Yarden Katzrin Chardonnay 2011

Yarden Chardonnay 1We purchased this wine as part of an offer of “futures” from the Golan Heights Winery. Therefore, it was purchased on the basis of trust that this winery would produce a quality product worth the price. So far, we have done this only twice in the past and not been disappointed. This wine was purchased along with Yarden Syrah, Merlot, and Cabernet Sauvignon. The other purchase of wine “futures” was from another high quality, well managed, and trusted winery located in the Judean Hills, Castel Winery. Both of these wine producers are our favorites for consistently high quality wines.

Yarden’s Chardonnay grapes are grown on the northern Golan Heights at elevations above Northern Golan Heights900 meters, or 3,000 feet. The 2011 grape growing season was the coolest and wettest since 1997, with 30% more than the average annual rainfall. The rains in Israel fall from November through April of the following year, and, interestingly enough, the annual amounts are recorded for this season and not for a calendar year. Sometimes, the spring brings rains and sun as the grape vines leaf out, causing an overgrowth of vegetation that shades out the grapes, delaying their maturation. This 2011 vintage brought a chilly spring, preventing excess vine growth that could have resulted from the wet soils. Also, harvest began about two weeks late, well into October, and resulting in over 25% of the fruit still not harvested by the end of the month. As is described in the Yarden website, “after waiting out the rains of early November, we brought in the remainder of the fruit by mid-month, literally minutes before a six-day rain system hit.” Sometimes excess yields of fruit cause a decrease in the quality of the wine, but this year brought average yields of high quality grapes, producing a quality wine. This wine was aged “sur lies” for nine months in new French oak barrels. Ahhhhh, herein lies one aspect of the art of oenology, using various techniques to influence the flavors. This particular technique involves aging the wine on its lees, or exposing the aging wine to dead yeast cells and other grape solids including the skin and the seeds. The process adds many compounds, each of which has its effect. Polysaccharides enhance fruitiness and give mouth-feel that conveys the perception of heaviness and weight, sometimes described as “creaminess”. Amino acids boost flavor and aroma, particularly on the finish of the wine, and they interact with oak. Not only do they sweeten up the raw woodiness of oak, they also modify some of the wood esters, mellowing them.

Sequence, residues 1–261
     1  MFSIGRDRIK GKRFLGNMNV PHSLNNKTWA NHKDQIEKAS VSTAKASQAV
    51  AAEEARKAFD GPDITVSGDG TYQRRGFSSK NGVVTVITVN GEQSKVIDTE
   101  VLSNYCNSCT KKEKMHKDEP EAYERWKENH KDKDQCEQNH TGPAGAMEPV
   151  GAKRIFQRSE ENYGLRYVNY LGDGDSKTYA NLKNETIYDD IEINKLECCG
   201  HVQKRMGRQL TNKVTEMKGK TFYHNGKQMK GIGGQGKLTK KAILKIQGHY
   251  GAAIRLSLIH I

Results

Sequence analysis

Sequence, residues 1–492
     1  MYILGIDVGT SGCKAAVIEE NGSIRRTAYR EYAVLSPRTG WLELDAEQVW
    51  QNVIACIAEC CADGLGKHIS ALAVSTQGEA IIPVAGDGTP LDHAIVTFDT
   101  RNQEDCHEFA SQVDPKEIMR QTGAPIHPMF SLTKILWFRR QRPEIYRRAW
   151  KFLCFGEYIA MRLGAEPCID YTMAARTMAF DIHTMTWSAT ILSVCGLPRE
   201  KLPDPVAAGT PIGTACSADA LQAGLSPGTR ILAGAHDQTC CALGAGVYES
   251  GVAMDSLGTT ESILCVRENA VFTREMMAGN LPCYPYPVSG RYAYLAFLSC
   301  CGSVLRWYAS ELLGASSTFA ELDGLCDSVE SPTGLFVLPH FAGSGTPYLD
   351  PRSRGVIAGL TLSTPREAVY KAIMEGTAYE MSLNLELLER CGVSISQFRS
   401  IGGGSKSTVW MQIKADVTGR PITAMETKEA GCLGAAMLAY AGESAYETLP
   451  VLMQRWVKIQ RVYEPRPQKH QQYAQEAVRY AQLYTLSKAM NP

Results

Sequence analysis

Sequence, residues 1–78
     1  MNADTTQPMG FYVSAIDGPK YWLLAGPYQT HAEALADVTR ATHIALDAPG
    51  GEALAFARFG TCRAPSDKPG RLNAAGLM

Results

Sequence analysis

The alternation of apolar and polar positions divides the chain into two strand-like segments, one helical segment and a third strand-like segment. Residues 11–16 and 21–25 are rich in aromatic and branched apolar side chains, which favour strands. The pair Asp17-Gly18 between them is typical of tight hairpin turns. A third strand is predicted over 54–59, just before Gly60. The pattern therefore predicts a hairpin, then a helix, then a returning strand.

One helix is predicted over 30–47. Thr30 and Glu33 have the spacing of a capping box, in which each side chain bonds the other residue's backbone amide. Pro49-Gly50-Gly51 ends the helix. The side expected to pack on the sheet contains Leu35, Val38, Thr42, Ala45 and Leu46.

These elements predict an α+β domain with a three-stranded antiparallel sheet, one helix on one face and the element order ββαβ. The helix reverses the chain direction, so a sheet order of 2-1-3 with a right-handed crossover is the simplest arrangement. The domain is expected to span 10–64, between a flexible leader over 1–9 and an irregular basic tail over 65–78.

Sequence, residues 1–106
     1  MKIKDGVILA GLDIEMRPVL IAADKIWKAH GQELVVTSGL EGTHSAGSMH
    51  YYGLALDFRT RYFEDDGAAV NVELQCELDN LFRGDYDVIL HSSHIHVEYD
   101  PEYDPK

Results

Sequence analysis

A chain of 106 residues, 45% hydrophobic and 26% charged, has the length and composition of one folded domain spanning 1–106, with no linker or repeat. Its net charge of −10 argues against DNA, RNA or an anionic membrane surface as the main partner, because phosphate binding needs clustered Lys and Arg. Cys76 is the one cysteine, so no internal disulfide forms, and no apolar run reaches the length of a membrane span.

Yarden Chardonnay 4

The wine as seen against the background of the sun setting on the Mediterranean Sea

We opened this wine and were embraced by earthy aromas of grasses and trees. You must excuse me when I state that my taste buds spoke of slate and granite mineral flavors intertwined with a background of Granny Smith apples. The Yarden tasting notes, which I read only after recording my own reactions, also included “hints of mineral and spice.” I apologize for using a taste descriptor that does not readily relate to something that we usually place in our mouths. Indeed, it is hard to describe what the minerals slate and granite taste like, but if you can imagine placing a few pebbles in your mouth that you have plucked out of a cold swift running brook, perhaps you can experience this taste. Others have said of Chardonnay that it is “flinty,” a taste and smell that’s in the air when a piece of steel is hit against a piece of flint, and meaning that it has a hard, dry, and clean taste. The French call it “gout de pierre a fusil,” or that characteristic odor that came from the muskets of the infantry of the seventeenth century. Recently this has been the subject of a hotly contested discussion on the WineLovers.com Israel and Kosher Wine Forum. Some do not believe that minerality is a valid wine taste descriptor and others vigorously defend its use. If you are interested, it is worth reading the well balanced, and well written article in the Wall Street Journal by Lettie Teague. The author doesn’t take sides, but in the end, it is clear how she feels. I agree with her. What do you think?